Don't want your kid to end up divorced? Provide him or her with multiple siblings. A new study suggests that for each additional brother or sister a person has, that person's chances of getting divorced go down by 2%. But don't go too crazy; the effect wears off after around seven siblings, USA Today reports. What could explain the effect? The researchers, who looked at General Social Survey data from more than 57,000 adults collected between 1972 and 2012, suggest siblings help nurture social skills that later come in handy during married life.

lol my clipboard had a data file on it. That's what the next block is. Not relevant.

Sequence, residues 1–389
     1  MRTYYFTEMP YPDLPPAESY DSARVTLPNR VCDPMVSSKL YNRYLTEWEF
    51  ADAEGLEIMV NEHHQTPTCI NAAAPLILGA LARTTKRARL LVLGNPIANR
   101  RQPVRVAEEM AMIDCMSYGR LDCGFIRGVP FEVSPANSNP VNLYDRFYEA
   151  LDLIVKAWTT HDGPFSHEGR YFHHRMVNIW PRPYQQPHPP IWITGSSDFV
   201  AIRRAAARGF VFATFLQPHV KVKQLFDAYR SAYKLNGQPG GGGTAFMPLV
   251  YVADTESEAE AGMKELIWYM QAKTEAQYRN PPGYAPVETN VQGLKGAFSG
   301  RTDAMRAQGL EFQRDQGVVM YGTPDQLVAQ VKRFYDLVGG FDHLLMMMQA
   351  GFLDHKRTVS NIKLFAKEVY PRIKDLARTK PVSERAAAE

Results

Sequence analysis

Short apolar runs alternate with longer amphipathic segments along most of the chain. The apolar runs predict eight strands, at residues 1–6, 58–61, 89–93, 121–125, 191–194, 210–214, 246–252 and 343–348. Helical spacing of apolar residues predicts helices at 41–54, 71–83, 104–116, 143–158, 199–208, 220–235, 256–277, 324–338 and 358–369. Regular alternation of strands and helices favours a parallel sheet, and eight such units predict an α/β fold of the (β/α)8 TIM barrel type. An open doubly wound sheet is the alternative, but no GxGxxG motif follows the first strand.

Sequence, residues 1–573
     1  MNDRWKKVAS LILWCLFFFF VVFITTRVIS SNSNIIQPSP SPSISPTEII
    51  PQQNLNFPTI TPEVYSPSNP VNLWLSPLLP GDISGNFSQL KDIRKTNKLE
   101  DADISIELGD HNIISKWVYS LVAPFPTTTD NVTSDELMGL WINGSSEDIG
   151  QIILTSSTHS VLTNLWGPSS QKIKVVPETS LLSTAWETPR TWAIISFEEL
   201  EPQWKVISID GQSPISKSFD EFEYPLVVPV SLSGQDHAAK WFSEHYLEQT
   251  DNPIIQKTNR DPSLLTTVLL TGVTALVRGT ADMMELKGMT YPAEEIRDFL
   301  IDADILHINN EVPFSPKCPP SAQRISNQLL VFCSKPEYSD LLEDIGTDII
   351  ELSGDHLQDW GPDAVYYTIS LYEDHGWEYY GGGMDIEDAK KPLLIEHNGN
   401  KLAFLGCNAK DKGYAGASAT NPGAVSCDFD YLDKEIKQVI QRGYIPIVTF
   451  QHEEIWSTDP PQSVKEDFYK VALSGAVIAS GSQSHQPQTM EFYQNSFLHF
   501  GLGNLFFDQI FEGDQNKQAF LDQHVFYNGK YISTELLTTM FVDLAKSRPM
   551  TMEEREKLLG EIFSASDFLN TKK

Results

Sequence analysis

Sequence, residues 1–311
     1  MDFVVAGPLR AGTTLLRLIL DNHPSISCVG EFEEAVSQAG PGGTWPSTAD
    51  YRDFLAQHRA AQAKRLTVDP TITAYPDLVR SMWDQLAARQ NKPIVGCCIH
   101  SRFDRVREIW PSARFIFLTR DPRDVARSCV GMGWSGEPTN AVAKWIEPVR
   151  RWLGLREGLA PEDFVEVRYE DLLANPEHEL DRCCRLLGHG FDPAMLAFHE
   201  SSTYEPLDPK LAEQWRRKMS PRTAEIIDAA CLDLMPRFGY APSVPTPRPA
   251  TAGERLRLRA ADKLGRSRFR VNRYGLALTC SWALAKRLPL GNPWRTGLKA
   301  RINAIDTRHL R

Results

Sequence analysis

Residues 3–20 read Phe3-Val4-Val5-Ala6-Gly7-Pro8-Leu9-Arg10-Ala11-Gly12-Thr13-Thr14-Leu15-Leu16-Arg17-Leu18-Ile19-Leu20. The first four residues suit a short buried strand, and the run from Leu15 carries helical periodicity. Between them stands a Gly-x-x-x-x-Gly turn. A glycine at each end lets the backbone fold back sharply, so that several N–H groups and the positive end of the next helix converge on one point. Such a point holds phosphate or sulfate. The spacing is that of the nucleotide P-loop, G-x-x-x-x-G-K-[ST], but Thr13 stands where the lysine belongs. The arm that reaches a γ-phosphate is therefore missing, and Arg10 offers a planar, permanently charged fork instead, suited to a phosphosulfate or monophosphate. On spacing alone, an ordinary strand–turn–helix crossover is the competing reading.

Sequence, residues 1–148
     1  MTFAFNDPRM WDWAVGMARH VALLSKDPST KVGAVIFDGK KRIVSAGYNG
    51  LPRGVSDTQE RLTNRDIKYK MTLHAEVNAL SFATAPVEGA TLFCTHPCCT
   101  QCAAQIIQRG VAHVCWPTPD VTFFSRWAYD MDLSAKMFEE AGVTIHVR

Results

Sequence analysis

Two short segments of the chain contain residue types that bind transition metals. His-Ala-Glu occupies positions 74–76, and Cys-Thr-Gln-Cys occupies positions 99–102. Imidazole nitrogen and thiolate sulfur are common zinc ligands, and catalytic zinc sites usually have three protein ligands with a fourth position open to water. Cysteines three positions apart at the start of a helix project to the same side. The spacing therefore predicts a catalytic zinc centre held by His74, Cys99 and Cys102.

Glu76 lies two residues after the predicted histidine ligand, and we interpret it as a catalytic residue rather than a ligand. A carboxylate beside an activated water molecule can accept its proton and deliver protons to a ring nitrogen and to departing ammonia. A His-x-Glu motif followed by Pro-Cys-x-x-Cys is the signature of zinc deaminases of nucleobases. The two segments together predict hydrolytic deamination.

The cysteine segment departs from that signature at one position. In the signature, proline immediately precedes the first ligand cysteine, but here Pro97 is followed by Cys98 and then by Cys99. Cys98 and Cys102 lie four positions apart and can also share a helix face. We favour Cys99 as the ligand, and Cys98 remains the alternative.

Researchers were surprised to find little difference in divorce likelihood between those with no siblings and those with just one or two, US News & World Report notes. Of course, "there are a lot of other factors that affect divorce that are more important than how many siblings you had," a co-author says. And other experts on divorce and family size aren't convinced. Two of them call the study "interesting," but say more research is needed. And one adds that only children, these days, have a lot more interaction with the rest of the world. "We're not in the 1950s, where [an only child] might live in a household and mom might stay home and you'd interact all day with an adult," he says. "No kids do that anymore."